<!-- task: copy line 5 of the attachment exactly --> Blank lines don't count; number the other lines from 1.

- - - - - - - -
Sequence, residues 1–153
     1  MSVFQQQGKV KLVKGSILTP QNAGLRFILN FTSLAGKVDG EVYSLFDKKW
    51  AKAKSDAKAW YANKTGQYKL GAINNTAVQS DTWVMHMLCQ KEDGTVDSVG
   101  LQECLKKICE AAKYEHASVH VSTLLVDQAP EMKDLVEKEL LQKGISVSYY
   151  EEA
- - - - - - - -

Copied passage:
   151  EEA